To the Metropolitan hotel for a fascinating symposium on Greek wine given by the eloquent and profoundly knowledgeable John Szabo. He goes to Greece almost as often as I do and has devoted much energy to a study of the modern wine industry there. It’s unfortunate that so few of the excellent products enter our sphere of consciousness in Canada but hopefully that will change now that funds have been found to set up organisations in Toronto and Montreal that are virtually wine embassies for Greece. Expect to encounter far more high-quality krassi on restaurant wine lists in years to come.
To that end, perhaps, there seemed to be an exceptional number of sommeliers in Szabo’s audience. This time he concentrated on four grape varieties – moschofilero, aghiorgitiko, assyrtiko and xinomavro (his pronunciation was spot-on). Moschofilero is always a delight – our summertime house white on Corfu – as crisp, lightweight and refreshing as a pinot grigio from the Alto Adige but with an aromatic nose that sometimes reminds me of gewürztraminer or alvarinho and sometimes of torrontes. The assyrtiko wines Szabo chose were from Santorini – fantastically dense, full-bodied whites with negligible fruitiness but spectacular minerality. The vines produce hardly any fruit but are woven into living baskets in the barren volcanic soil to protect them from the ceaseless winds and scorching sun. He presented a decent Chablis alongside – a great idea – both wines are such ascetic conduits for their own terroir; and both are capable of almost infinite subtlety within their narrow spectra.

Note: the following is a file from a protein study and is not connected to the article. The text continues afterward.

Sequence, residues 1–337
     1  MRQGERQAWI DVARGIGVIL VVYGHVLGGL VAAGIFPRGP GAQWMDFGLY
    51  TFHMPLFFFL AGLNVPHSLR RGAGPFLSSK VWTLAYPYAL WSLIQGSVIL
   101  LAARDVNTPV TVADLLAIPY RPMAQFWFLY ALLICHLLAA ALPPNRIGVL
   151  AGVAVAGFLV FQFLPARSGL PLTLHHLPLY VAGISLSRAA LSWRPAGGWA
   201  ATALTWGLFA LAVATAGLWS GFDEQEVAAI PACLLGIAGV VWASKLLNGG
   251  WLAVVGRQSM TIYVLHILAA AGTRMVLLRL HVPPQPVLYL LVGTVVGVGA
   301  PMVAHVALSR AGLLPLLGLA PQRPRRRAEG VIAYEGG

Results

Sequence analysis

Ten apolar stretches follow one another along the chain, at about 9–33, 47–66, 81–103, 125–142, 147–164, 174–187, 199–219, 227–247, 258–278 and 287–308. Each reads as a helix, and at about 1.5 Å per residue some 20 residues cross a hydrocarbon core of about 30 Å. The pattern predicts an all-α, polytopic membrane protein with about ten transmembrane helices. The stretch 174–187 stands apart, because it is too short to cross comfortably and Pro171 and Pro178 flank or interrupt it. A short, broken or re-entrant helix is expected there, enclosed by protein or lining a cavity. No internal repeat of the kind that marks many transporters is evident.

At lunchtime, when the symposium went downstairs for a fine, very un-Greek buffet and a chance to taste another 36 wines, I sought out the Santorini assyrtikos. Szabo had mentioned how unexpectedly well they had worked when paired with grilled lamb chops and indeed they stood up to everything the hotel threw at them, from salmon sashimi to kebabs. Vintages occasionally brings in one of these wines and they are always worth buying.
There was another epiphany waiting at the end of the event. I am a muscat freak and seek out any examples of the broad and rowdy and often magnificent muscat family whenever possible. I had hoped there might be some viscous, golden, sweet delight from Samos, such as Byron adored, but instead I found something much more vibrant. Patras is a seaport on the northern coast of the Peloponnese. They make a sweet red wine there from mavrodaphne and corinthiaki that is sometimes called “Greek port” by people with no palates at all and was often used as communion wine in the Church of England, when I was a choirboy. But they also press a sweet white wine from muscat grapes that have been picked and left to turn into raisins on beds of straw, like a Hellenic vin de paille. Parparousis is the producer of this bewitching elixir. Fabulously sweet but with a piercing acidity, like an icewine on steroids, it filled my head with its grapey muscat perfume. “Try it with some blue cheese,” said sommelier Christian Lupu, who was pouring on behalf of the importers (www.cavaspiliadis.com). Luckily there was a massive wedge of young moist Stilton over on the cheese table so I was able to take his advice. Oh yes. Yes indeed. The wickedly rich saltiness of the cheese was neatly balanced by the sweetness and acidity in the wine – like the ultimate gladiatorial battle of equally matched warriors fighting with totally different weapons. My mouth was the coliseum. Two thumbs up.
But blue cheese is like that. I can’t think of any other little food-group that provides so many earth-moving moments. Port and Stilton, obviously (and if you’ve never actually tried it, you haven’t lived). Also Ardbeg single malt whisky from Islay (the most phenolic one of the lot) and Cabrales, the Spanish blue: that one will dissolve your tongue. And here’s another: Featherstone gewurztraminer icewine from Niagara with German cambazola. Think about it… Gentler, creamier, heavier and more limpid, more floral – but awesome. Surround yourself with gardenias when you make the experiment just to gild the olfactory lily. You may never be seen again.